Uindi (Arcanine)

Let's talk about Arcanine to stay in the vein of Fire-types with their origins in Guardian idols originating from India and China. Arcanine is based on guardian lion-dog statues, originating in China as 石獅 Shíshī, which has a surprisingly similar pronunciation to shishi 獅子, or lion, in Japanese. While the Japanese versions have evolved independently for many centuries, the Japanese Komainu 狛犬, and Okinowan shisa シーサー, still share a very close similarity with their Chinese cousins. Shisa is a simplification of Shishi-san (Mr. Lion).

Not just lions, but throughout China, Korea, and Japan, one can find bizarre and fantasized depictions of animals like lions, tigers, elephants, and giraffes, with all manner of fangs, horns, and even scales. Try taking a gander at the dragon-like creature that is the mascot of Kirin Beer (Kirin means giraffe in Japanese). The reason lies in the ancient relations between China and its western neighbors in India and the Middle East. The traders of the silk road brought all manner of legends and tales of their lands, along with goods like tiger skins and elephant tusks—but there was no photography, and no means to accurately describe animals that the Chinese (and subsequently, the Japanese) could never see. These animals were also deeply connected to Buddhism and Middle Eastern folklore. The result is that these animals became increasingly fantastic in Eastern depiction. The lion, with its reverence as a symbol of fearsome power, was especially romanticized, and the lion-dogs and their wild manes became increasingly popular.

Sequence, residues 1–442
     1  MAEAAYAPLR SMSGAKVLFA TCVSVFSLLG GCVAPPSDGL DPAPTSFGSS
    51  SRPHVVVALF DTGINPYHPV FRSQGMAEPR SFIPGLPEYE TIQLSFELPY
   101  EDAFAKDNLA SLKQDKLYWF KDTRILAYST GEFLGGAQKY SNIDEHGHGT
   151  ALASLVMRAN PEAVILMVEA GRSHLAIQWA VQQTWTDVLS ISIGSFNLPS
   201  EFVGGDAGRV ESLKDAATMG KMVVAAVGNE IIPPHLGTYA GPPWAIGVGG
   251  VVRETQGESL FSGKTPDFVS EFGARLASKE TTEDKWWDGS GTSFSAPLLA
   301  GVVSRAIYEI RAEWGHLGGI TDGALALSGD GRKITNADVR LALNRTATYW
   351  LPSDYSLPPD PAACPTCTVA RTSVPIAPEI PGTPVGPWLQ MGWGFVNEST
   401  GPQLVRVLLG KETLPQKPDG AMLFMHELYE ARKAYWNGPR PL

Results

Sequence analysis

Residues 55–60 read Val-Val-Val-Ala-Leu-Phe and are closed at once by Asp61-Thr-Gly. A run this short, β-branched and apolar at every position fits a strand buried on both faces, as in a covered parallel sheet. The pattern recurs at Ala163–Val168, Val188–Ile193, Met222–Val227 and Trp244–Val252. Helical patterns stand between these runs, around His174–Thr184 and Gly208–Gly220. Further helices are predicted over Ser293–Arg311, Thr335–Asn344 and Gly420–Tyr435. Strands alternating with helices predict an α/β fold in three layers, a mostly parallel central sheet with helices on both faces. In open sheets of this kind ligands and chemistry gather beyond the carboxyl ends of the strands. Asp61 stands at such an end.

Always found in pairs, lion-dog statues guard the gateways to temples, shrines, and castles (as well as homes of some individuals!) throughout Japan, and Eastern Asia at large. Their styles and forms differ, but in all places they are used to ward off evil as guardian beasts. In Japan, it is tradition for one to have its mouth open, and the other closed, representing their vigilant attention to those both entering and exiting through the gate they guard.

Hasuburero (Lombre)

The first time I read Lombre's Japanese name, I couldn't help but do a face-palm. Hasu means lotus, while burero obviously comes from the Mexican hat, Sombrero.

On to the folklore, amongst Pokemon, Lombre probably has the greatest resemblance to the Kappa, a Japanese water demon / sprite (though Golduck and Ludicolo are also both supposed to be similar to Kappa). The Kappa are slim and slimy river dwellers with blue or green skin, about the size and appearance of a child, with a turtle-like beak and a lily pad dish on their heads that holds water as they move across land. By all accounts, this pretty much describes Lombre perfectly.

Kappa are notorious trouble makers, from juvenile pranks to malevolent acts of violence, and are generally considered dangerous water demons. Even in odd parts of Japan today, one can find Kappa warning signs near some ponds and other bodies of water. Apparently, they will also eat people and rape women. The best way to deal with a Kappa is by bowing to it—the Kappa are well known to be compulsively polite, and cannot help but return the bow. This will cause the water in its lily pad to spill, rendering it dry and helpless (and letting you run to safety). Pretty ridiculous, but then Lombre (and its evolution) are too.